Static PowerPoints Are So Ten Minutes Ago: Use Motion Path In Powerpoint!


Get Shift Done: Tips and Tricks

Do you want to spice up your Microsoft PowerPoint 365 presentation to include something more than static images? Looking for a more energetic way to tell an effective story in your presentations? Applying motion path animation effects to your slide deck is an easy way to liven up your presentation and give it a professional sheen. And it’s fun!

In the example below, we manipulate the static image of a rocket so that it flies around the screen. The solid image in the upper-right shows the starting point of the rocket, and the dotted line between the two images shows the path it takes when the animation plays. The transparent image in the bottom-left is where the image ends up when the motion path animation is done.

To begin, select the image on the slide, navigate to the Animation ribbon, and click Add Animation.

To find the Motion Path options, scroll down to the bottom of the list. For this first example, we create a Custom Path.

Once Custom Path is selected, the cursor changes into a crosshair. Continuously hold down the left mouse button to draw free hand (A) or left click to create intersections on the slide using a polygonal path (B). Double click to end the path.

Immediately after double-clicking, you are presented with a preview of the animation. You may repeat this demonstration at any time by using the Preview Button.

Maybe you lack the surgical precision to draw that perfect line. Maybe your rocket needs to steadily follow a prescribed path. Fortunately, PowerPoint 365 offers us a large selection of preset paths to choose from. Let’s return to the Add Animation menu and click the option for More Motion Paths.

For this example, let’s use the basic preset, 4 Point Star. Select the path and click OK.

We now see the selected preset path attached to our image, highlighted in the example below. Notice the green arrow? It denotes the starting point of the motion event. End points are typically identified by a red triangle, but since this preset is a full circuit (known as a “closed path”), the green arrow marks both the beginning and the end.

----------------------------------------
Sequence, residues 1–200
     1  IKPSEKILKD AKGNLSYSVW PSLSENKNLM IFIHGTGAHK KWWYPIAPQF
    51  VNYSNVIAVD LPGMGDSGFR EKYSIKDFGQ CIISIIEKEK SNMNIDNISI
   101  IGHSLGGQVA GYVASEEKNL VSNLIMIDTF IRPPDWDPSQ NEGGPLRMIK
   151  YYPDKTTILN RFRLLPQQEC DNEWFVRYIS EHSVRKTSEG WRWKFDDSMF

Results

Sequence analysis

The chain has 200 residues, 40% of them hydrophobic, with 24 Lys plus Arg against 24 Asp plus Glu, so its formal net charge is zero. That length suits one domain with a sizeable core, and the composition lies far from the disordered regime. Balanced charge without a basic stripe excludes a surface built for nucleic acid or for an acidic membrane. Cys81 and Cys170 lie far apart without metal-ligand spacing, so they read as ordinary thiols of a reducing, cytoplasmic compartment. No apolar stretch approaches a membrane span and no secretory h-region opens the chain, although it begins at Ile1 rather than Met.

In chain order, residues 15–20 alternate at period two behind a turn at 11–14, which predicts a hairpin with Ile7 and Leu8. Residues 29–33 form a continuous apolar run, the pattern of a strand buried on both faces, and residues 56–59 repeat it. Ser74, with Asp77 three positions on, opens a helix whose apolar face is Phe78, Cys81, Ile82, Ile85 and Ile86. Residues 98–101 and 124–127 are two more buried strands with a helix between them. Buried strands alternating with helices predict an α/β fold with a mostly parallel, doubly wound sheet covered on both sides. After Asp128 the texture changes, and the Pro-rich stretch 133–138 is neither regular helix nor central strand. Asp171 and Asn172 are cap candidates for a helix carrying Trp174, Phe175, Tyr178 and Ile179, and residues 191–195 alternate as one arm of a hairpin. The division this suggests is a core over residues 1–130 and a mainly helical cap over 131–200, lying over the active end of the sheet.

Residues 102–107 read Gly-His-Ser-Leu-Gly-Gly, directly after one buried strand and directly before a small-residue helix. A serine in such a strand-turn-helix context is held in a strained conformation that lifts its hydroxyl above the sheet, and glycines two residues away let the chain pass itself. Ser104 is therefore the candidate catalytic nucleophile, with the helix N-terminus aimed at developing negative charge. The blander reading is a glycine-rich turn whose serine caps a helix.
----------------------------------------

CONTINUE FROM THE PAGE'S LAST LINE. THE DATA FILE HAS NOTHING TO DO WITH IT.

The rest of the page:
Unless you’re looking for a very tight movement, this path probably isn’t where you want it. So how do we edit it? Clicking on the green arrow activates the motion path. The image now appears semi-opaque over the green arrow.

Use the white transformation circles positioned around the frame to change the path’s dimensions.

Click and drag the rotation tool to adjust the path’s angle and starting point. In the example below, the path has been rotated so that the starting point of the image is near where it originally placed it. The semi-opaque image overlapping the original image illustrates the new starting point of the animation.

To perform advanced manipulation techniques, right-click on the path to pull up a context window with more options.

We begin with Edit Points. Clicking on this option causes black squares to appear around the path. Dragging these squares changes the angles of a polygonal path.

After you adjust the path, white squares appear on either side of the new intersection. Moving these white squares adjusts the curvature between the adjacent junctions.

Next, choosing the Open Path option disconnects the closed circuit prescribed by the path, and a red triangle appears. You can move the triangle to adjust the ending location of the image. Right-clicking on the path and choosing Close Path reconnects the end point with the start point.

Finally, selecting Reverse Path Direction changes the animation from moving in a clockwise motion to a counter-clockwise motion.

By default, the animation duration is set to two seconds, but that’s a rather fast speed if you use a long page. You can change the duration of the animation sequence to effectively adjust the movement speed of the image. Adjust it several times, previewing the animation each time, until you find a desirable speed.

Congratulations! You are now on your way to becoming full-fledged PowerPoint animator!

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